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By Sue Shekut, Owner, Working Well Massage, Licensed Massage Therapist, Certified Wellness Coach, ACSM Personal Trainer

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For anyone that’s ever dieted or struggled to keep excess fat off, you know that conventional wisdom (increase activity, decrease calories) has tended to recommend very caloric intake for losing weight. But living on super low-calorie diets is not only not sustainable int he long-term, but it’s very difficult to maintain even for short-term results. Now scientist shave found the way to lose weight is not as strict and severe as we once thought! And the National Institute of Diabetes and Digestive and Kidney Diseases has produced a wonderful new tool that allows you to more accurately estimate how many calories you need to consume and how you need to adjust your activity level to lose unwanted fat. This tool is called the Body Weight Simulator and is accessible here.

To use the Body Weight Simulator, you need to enter your Base Weight, your activity level and your age and height. The tool does the rest, providing you with an estimate of the number of calories you need to reduce each day to lose weight for the short-term as well as the number of calories you need to reduce to maintain the loss for the long-term. I tried the simulator myself and the number of calories I’d need to cut to lose 10 pounds in 6 months is just much smaller than most diet plans would have me reduce. (About 270 per day versus 500-1000 calories per day.)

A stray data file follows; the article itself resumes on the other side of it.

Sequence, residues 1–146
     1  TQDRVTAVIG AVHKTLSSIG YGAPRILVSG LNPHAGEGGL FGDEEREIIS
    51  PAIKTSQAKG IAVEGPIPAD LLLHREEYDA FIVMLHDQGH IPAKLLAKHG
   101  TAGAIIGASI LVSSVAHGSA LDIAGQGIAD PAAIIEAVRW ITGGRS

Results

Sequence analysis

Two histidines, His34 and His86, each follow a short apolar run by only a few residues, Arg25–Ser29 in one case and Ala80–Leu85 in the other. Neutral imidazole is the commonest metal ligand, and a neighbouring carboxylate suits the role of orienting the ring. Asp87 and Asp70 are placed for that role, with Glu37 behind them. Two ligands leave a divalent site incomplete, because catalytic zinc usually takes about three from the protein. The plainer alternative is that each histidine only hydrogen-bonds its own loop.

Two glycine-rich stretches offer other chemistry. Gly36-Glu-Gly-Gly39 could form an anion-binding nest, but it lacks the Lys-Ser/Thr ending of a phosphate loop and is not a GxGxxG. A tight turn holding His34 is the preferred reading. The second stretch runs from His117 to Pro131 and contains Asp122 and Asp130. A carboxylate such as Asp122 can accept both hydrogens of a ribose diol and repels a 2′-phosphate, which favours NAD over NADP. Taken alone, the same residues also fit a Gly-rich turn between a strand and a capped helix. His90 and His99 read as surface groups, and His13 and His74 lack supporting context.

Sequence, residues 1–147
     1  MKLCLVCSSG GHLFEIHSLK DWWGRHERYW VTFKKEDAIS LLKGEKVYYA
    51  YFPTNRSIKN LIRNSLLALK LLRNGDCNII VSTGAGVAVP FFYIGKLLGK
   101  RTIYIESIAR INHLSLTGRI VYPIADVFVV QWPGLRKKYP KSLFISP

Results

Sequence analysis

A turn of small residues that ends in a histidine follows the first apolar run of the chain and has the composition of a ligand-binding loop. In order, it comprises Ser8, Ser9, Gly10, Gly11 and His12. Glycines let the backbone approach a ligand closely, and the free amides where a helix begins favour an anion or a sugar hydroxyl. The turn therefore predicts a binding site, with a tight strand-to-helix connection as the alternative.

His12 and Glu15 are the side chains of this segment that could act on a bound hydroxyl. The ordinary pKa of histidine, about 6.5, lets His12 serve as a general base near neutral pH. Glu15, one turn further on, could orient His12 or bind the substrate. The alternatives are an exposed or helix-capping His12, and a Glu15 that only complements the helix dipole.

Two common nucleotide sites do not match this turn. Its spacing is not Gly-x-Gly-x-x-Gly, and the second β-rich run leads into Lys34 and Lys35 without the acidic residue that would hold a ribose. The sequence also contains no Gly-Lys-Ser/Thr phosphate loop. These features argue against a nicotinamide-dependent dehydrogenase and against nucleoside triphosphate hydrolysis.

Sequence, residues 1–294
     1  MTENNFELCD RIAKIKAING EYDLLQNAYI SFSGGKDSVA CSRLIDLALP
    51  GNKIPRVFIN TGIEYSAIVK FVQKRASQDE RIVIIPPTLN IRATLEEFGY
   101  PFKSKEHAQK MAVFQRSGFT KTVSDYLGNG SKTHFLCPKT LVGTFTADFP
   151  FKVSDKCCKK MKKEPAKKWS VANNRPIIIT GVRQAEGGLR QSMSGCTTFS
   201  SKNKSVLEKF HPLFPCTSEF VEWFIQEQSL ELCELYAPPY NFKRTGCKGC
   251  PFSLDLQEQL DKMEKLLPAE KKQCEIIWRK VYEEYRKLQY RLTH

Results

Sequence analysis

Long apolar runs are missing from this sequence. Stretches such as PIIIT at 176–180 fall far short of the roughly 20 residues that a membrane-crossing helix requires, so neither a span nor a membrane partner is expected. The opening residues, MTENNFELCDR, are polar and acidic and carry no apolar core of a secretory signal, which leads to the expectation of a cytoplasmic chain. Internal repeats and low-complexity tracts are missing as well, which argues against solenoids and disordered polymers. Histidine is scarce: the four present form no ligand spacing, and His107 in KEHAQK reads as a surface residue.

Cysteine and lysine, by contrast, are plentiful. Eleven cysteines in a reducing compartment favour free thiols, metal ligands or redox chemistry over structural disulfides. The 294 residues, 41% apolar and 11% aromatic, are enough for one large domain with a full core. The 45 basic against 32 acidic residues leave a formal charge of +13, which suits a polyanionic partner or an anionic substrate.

The tool also provides graphs and charts that show the progression of weight loss, body fat % change, and activity level change.  Try it yourself and see how reasonable the new calorie goals and activity levels can be for your own fat loss plan!

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The American Diabetes Association designated this November as the month to communicate the seriousness of diabetes and the importance of proper diabetes control and treatment to those diagnosed with the disease and their families.  Throughout the month, the American Diabetes Association will hold special events and programs on topics related to diabetes care and treatment.  For information click the link to go to the website,  American Diabetes Association or call (800) DIABETES.

 

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Diabetes Myths and Facts

 

Read the myths and facts below from the American Diabetes Association to see how well you know your diabetes facts.

 

Myth: Diabetes is not that serious of a disease.

Fact: Diabetes causes more deaths a year than breast cancer and AIDS combined.  Two out of three people with diabetes die from heart disease or stroke.

Myth: If you are overweight or obese, you will eventually develop type 2 diabetes.